Although Tunisia’s new institutions have proven resilient to the threat, the security situation has had an adverse impact on the country’s economy and increased the frustration of many citizens towards the authorities. If exacerbated, these problems might pose a threat to the Tunisian state, a development that Algeria would prefer to avoid and, with Algerians becoming one of the most important sources of Tunisian tourism, attacks on Tunisian tourist destinations represent a direct threat to the safety of Algerian citizens (Huffington Post Maghreb, August 5; Jeune Afrique, August 13, 2015).
Given its lack of political will to interfere directly, Algeria has intervened in other ways to strengthen its security vis-a-vis Libya’s increasing instability, primarily by increasing the capacity of its security forces on the borders (Tout sur l’Algérie, March 10). The Algerian army now deploys South-African Seeker drones and Beechcraft 1900 planes for reconnaissance missions, and it uses sophisticated military night-vision goggles (Jeune Afrique, September 22). In addition, in June 2016, Algeria announced the purchase of three Gulfstream G550 aircraft, which can carry out longer surveillance missions (MenaDefense, June 16).
Algeria has also started to build a fence along its border with Libya and Tunisia, and it is doing the same on the frontier with Morocco (Tout sur l’Algérie, August 31). However, the need to strengthen and invest additional resources in security comes at a time of deep economic crisis for Algeria, with the country struggling as a result of weakening oil prices and the lasting impact of the shale revolution (El Watan, October 19). The re-emergence of a number of other oil-producing countries – Iran, as well as Libya itself – on the international market is likely to have a further negative impact on Algeria’s public finances.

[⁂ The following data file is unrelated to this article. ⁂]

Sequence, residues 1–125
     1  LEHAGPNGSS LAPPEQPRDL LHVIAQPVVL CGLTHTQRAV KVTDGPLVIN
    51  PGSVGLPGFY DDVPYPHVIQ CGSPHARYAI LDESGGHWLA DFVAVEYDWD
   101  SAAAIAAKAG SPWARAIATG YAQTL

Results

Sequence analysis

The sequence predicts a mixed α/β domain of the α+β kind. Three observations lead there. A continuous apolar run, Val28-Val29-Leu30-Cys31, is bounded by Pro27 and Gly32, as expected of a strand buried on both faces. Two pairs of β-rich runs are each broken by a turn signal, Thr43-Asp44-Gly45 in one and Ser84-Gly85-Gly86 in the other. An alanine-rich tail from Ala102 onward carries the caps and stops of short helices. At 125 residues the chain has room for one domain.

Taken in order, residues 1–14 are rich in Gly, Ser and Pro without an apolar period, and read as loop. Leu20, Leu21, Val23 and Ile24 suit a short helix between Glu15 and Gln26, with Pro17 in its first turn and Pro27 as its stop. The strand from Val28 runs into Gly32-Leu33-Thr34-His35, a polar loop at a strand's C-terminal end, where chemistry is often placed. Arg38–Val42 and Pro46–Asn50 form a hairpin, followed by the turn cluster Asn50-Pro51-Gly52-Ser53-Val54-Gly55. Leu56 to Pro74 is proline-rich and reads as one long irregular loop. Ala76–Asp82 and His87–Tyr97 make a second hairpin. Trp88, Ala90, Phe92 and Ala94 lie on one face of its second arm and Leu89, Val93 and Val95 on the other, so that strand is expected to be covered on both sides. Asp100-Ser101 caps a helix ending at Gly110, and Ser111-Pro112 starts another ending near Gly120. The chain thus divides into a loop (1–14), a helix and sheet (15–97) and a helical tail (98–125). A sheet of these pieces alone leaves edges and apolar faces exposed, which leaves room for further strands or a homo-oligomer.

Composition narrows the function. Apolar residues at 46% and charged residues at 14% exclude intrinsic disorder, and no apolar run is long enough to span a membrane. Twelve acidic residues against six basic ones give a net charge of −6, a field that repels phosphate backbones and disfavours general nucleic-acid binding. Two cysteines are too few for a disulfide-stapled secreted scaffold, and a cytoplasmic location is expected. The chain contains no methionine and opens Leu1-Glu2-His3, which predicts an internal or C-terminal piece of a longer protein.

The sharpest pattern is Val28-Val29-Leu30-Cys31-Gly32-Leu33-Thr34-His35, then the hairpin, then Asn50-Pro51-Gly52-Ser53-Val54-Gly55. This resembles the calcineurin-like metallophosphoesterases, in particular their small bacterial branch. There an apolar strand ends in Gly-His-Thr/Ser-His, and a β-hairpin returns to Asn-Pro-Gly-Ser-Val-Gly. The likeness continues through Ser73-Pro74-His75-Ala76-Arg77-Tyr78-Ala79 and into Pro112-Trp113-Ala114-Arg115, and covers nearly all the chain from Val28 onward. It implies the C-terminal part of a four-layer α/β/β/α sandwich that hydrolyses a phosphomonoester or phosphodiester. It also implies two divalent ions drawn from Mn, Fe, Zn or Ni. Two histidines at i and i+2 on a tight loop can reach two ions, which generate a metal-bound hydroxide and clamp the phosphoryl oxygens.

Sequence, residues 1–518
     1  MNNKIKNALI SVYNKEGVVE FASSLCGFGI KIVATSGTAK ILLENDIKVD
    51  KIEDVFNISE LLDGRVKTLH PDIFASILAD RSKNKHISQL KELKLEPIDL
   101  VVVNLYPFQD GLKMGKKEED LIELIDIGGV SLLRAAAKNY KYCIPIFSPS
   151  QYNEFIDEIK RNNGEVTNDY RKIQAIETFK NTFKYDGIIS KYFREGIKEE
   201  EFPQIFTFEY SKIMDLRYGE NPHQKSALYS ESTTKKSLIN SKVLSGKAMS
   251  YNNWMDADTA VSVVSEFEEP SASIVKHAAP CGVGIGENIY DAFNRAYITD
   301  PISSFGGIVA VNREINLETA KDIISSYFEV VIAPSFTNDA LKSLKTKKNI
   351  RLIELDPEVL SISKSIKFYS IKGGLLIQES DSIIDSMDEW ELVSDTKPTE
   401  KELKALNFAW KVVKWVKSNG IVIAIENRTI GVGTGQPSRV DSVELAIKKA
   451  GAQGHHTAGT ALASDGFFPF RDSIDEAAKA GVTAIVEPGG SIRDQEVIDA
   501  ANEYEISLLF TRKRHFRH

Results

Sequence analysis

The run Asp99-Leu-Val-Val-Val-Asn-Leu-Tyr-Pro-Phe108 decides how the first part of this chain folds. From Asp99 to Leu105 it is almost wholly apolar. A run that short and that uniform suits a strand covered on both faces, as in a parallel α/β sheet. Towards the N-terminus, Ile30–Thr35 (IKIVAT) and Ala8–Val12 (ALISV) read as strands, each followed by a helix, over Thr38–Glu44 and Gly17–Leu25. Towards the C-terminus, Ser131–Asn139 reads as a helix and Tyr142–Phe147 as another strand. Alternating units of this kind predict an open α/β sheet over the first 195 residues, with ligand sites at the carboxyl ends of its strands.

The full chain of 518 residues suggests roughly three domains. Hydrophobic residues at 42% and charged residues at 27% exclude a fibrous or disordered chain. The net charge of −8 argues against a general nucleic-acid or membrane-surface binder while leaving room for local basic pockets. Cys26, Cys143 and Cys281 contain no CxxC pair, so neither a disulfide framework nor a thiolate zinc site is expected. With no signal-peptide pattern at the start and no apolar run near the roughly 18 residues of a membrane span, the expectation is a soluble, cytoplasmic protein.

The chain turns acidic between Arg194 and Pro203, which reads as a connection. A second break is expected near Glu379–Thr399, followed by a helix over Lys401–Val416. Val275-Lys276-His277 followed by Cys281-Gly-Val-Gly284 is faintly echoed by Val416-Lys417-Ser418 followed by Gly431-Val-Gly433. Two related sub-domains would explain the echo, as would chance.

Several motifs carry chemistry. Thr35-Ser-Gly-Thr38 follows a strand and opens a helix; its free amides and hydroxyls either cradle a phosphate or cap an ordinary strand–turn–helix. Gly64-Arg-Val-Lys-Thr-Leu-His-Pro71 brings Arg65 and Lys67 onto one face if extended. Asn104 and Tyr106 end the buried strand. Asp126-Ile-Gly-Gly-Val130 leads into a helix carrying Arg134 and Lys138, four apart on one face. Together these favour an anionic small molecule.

Domestic economic problems represent a key risk to Algeria’s stability in the coming years (Tout sur l’Algérie, January 23). This is particularly so given the country’ relatively complicated transition period, but it will also affect Algeria’s capacity to deal with the threat emanating from Libya (Terrorism Monitor, May 2, 2014).
North African Relations and the Libyan Conflict
Libya’s instability has a significant regional dimension that affects the international relations of Mediterranean Africa. This is particularly important for Algeria, as Libya’s problems have a direct impact on Algeria’s relations with two of its principal regional rivals – Egypt and Morocco.
Of the two, Egypt is by far the more involved in Libyan issues. Egypt remains the most important regional and international ally of General Khalifa Haftar, the Libyan National Army (LNA) chief, and has often expressed views that diverge from those of Algeria regarding the crisis (Terrorism Monitor, June 26, 2014). Haftar recently gave a lengthy interview to al-Ahram, which was a de facto public endorsement for Haftar by the Egyptian government given the importance of the newspaper. In the interview, Haftar praised Egypt and other countries, such as Russia and China, for the support they have provided him (Al-Ahram, September 19). In addition, he stressed that France is increasingly cooperating with him in the wake of the November 2015 Paris attacks.